I have two daughters: a teen and a tween -- so a big topic of conversation around our kitchen table these last few days has been the fate of 18-year old Demi Lovato, a Disney Channel star who has placed herself into rehab.
And it's not just my house: both The Los Angeles Times and The New York Times did long takes on the teen actress this weekend.
Lovato's image was (and is) squeaky-clean: hers is the story of a small-town kid who had a Hollywood dream and made it big. No drugs, no alcohol. And, in fact, neither of those substances lead to her rehab visit -- instead, she was involved in stress-related behavior perhaps even more troubling: eating disorders and "cutting."
These problems had apparently begun before she "made it big" with her latest TV series -- she'd spent many years struggling as a child actress. Lovato even had a role in the toddler program "Barney" when she was in fifth grade. According to The Los Angeles Times, Lovato's father, Patrick, said he has been worried about how his daughter would cope with the pressures of being a child star. But he said he never discussed his qualms with her mother, Dianna De La Garza.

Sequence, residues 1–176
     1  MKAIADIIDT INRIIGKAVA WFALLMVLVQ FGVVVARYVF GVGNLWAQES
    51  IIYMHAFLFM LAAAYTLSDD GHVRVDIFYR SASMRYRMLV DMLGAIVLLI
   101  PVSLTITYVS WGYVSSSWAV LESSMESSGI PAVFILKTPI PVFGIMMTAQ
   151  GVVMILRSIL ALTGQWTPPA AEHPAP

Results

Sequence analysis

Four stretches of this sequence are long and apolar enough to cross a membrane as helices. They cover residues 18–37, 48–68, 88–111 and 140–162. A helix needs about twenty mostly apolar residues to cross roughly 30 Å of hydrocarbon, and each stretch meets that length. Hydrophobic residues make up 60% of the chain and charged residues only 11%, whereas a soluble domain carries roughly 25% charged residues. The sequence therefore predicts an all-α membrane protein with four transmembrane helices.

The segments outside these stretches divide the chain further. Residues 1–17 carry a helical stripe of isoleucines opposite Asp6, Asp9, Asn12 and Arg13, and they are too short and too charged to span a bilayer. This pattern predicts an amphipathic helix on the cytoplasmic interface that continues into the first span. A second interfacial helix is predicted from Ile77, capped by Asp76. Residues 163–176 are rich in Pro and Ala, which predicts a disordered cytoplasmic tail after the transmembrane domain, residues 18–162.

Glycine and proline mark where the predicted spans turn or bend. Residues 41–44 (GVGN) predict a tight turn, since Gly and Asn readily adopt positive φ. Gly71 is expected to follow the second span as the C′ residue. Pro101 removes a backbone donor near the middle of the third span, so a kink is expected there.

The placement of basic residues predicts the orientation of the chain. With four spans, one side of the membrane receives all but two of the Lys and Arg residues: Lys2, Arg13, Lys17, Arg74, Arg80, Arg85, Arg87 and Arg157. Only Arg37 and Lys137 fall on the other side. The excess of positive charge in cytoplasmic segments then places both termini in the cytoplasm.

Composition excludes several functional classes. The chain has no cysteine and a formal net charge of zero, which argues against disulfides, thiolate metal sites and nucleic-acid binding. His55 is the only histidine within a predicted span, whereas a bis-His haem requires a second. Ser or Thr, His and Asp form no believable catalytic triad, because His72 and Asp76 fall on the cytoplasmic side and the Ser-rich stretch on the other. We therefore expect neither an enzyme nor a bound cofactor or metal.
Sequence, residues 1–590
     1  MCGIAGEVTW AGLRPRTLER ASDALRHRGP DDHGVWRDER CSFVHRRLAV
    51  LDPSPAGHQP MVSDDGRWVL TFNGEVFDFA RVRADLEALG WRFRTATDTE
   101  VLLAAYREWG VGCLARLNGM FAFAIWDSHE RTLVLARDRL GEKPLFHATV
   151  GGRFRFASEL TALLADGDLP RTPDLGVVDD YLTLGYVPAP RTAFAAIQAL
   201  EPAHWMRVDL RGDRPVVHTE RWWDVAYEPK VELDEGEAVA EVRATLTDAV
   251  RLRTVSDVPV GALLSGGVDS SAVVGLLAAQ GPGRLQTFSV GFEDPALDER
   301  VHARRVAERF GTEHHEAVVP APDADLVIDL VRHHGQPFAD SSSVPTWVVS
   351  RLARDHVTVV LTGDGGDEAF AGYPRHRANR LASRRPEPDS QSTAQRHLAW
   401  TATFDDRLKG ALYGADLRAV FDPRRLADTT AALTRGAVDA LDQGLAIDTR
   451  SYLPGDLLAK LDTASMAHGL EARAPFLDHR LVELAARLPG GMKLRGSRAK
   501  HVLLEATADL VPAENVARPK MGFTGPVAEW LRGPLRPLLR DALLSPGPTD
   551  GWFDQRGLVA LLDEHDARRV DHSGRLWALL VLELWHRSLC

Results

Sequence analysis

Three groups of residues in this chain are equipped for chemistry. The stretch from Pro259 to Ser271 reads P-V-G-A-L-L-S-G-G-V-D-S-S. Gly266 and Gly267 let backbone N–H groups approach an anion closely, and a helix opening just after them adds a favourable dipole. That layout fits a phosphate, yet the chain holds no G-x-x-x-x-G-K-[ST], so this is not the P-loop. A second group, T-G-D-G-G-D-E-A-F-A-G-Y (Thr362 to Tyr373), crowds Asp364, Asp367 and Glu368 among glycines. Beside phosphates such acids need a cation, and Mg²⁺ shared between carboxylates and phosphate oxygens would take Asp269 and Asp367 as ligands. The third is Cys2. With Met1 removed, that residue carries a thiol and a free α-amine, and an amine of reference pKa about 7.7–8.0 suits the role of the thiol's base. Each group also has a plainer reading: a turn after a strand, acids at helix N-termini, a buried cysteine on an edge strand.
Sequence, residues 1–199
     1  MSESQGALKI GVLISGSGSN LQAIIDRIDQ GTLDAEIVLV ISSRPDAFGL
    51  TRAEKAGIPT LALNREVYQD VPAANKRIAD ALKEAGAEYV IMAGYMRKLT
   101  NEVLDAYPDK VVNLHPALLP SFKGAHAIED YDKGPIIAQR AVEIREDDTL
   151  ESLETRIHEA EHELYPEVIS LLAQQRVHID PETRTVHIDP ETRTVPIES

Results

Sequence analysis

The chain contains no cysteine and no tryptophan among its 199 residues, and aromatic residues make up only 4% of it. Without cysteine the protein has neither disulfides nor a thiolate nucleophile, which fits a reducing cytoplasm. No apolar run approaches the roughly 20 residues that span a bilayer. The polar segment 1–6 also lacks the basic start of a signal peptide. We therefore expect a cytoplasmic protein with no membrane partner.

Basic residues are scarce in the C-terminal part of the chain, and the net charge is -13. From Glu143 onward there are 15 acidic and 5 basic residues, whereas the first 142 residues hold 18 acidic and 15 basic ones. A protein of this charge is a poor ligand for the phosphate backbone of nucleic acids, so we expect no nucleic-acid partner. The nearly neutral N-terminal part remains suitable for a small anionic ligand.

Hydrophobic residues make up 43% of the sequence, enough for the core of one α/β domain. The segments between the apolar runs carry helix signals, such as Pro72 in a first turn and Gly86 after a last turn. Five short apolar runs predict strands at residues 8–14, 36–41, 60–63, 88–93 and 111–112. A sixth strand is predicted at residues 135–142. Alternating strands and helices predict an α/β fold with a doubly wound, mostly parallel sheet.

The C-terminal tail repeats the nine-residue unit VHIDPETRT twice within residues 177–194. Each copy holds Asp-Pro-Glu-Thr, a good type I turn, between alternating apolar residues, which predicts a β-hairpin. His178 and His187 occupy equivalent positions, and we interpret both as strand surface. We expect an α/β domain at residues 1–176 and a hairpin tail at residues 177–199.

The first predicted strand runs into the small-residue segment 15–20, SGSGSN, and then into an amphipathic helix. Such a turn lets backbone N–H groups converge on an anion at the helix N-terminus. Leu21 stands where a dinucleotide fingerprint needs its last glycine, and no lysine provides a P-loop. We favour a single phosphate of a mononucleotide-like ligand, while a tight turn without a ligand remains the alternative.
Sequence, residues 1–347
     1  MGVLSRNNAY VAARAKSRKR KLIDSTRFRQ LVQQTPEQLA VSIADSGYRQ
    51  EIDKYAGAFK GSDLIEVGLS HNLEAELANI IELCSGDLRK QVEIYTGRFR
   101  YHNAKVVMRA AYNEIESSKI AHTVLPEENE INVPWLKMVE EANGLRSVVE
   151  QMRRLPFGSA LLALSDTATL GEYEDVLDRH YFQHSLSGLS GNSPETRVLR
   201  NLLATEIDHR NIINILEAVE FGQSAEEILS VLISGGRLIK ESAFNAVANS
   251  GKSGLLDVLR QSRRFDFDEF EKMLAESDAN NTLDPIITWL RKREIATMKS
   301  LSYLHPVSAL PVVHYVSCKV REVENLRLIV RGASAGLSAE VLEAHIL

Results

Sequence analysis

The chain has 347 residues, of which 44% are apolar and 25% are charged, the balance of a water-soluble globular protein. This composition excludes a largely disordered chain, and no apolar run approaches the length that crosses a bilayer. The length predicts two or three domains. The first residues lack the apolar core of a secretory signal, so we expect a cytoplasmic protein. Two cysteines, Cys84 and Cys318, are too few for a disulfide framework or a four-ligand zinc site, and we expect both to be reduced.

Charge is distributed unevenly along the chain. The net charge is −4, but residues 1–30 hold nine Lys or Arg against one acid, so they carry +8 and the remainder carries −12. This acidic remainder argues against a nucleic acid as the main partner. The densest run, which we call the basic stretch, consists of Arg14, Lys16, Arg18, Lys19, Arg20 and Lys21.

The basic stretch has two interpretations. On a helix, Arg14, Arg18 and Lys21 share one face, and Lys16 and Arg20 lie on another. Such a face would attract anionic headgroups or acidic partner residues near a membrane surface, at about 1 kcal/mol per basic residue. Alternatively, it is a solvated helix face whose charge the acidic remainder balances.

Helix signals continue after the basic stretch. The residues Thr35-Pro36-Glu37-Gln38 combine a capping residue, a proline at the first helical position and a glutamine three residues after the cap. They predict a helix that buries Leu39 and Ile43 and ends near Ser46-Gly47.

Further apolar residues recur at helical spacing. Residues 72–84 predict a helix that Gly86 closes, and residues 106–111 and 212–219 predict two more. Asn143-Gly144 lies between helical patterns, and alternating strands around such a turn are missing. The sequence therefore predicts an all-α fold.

All of this information fascinates my daughters, because none of it is even hinted at in the television that's aimed at them. In the last few years, TV has exploded with shows about kids who act in shows. "Sonny With a Chance" has Lovato play a riff on her own home-spun image: her character is a small-town girl who is magically cast to star in a Hollywood TV show. Other programs aimed at kids -- from "iCarly" on Nickelodeon to the screamingly popular "Hannah Montana" on Disney -- focus on teens and tweens who are, first and foremost, famous.
Nowhere in these shows do you see the stress of show business -- and how that especially effects children. Often these kids are pushed into the role of tiny breadwinners for their families: parents with limited resources invest in acting classes, singing coaches, and trips to the West Coast. Failure at an early age can feel like failure for life -- and many children who do make it find out that fame fades fast. It's a lot for any thirteen year old to cope with.
Like so many things, fame American-style is sold as something fast and easy -- a microwavable TV dinner of fun and self-focus. But -- like so many things -- the reality is much less glamorous, and revolves around notions such as training, practice, perseverance and -- always -- luck.
My daughters now know better -- if a whole bunch of other teens know better, too, then Lovato has helped out more than she'll ever know.
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